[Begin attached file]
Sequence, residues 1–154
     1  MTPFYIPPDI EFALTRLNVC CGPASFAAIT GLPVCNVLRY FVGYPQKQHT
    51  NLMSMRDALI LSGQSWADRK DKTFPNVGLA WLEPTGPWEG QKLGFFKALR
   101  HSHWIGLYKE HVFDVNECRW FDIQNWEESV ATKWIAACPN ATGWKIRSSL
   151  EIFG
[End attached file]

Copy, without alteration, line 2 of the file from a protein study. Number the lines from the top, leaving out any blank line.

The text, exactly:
     1  MTPFYIPPDI EFALTRLNVC CGPASFAAIT GLPVCNVLRY FVGYPQKQHT